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Monday 24th October 2016

Health funds could be raided

2nd November 2011

MPs have warned that councils facing cash shortages may be tempted to raid health budgets so as they can afford to carry out basic services such as pothole repairs.

Pound Coins

The warning comes with local councils set to take over some areas of health such as tackling obesity and excessive drinking – currently the responsibility of primary care trusts - during changes to come in by 2013 with money transferred from the NHS to cover it.

Some 150 PCT public health directors are set to move into local government in the next two years taking their funding, some £4bn of ring-fenced cash, with them.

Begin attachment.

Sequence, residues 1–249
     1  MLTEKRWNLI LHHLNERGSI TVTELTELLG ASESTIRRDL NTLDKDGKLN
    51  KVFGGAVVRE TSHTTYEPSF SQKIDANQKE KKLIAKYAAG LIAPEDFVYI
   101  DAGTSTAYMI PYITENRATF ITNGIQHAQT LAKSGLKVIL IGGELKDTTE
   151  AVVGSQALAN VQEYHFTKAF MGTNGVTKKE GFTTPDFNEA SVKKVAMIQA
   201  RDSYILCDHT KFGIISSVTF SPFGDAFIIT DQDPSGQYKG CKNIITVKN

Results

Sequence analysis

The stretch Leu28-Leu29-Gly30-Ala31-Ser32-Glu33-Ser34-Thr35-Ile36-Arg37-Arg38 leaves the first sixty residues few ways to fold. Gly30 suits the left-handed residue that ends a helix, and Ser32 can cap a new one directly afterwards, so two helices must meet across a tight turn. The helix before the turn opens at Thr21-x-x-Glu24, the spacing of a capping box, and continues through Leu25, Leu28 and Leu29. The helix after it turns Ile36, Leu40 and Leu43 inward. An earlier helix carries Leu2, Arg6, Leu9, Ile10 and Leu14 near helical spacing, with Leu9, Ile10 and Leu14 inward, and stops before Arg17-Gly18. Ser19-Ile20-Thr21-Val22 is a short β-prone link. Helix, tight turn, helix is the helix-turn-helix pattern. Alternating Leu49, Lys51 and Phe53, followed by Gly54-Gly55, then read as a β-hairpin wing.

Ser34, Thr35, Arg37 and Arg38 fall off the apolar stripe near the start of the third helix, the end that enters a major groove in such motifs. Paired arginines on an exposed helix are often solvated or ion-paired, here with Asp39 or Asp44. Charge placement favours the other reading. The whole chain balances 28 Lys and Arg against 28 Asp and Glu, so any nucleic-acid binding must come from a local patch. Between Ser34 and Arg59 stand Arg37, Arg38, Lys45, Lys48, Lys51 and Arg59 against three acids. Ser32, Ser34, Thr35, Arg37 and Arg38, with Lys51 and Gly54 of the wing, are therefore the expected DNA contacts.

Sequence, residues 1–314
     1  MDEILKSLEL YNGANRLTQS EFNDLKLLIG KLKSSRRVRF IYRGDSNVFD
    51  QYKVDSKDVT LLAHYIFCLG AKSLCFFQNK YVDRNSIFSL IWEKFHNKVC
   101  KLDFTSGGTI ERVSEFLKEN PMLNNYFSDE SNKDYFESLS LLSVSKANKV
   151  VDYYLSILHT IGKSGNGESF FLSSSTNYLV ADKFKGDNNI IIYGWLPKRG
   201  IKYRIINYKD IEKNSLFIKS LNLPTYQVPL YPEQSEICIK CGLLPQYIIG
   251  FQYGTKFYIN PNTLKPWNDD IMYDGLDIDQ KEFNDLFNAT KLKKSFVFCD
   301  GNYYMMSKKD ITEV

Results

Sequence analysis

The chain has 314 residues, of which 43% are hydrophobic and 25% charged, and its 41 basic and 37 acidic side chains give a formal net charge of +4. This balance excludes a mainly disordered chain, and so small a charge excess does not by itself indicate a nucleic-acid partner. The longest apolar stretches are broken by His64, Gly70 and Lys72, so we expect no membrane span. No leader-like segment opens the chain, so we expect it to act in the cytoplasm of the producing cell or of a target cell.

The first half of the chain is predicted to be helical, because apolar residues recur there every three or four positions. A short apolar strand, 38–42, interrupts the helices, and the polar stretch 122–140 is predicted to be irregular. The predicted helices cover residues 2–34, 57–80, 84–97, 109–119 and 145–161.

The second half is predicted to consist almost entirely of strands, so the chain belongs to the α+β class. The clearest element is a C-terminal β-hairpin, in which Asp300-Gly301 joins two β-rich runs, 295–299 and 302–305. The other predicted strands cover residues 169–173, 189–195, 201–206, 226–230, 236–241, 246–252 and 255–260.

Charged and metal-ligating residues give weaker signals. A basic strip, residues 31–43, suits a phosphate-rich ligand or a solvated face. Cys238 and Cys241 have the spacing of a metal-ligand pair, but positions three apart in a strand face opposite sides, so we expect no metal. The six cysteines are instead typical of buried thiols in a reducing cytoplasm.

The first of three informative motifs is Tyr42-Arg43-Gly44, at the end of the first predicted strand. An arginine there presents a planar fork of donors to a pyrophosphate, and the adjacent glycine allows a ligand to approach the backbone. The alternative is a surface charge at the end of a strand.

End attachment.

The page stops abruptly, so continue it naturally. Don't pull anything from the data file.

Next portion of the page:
But MPs on the Health Committee have raised concerns that councils would use the funds for other purposes such as road repairs.

Committee chairman Stephen Dorrell said it would not be an effective use of the money while Labour member Rosie Cooper said she was horrified by the prospect.

Dr Frank Atherton, president of the Association of Directors of Public Health, said there was a risk services could be disinvested in under the changes.

But Andrew Cozens of the Local Government Association said that would be unlikely.

He added: “Councils are already investing heavily in services that benefit health through their leisure services and social care.”

The LGA is opposed to ring-fencing the money, believing councils are best placed to decide how to spend funds locally.

The Department of Health said it was aiming to reduce health inequalities and was working with communities and business on programmes to achieve that.


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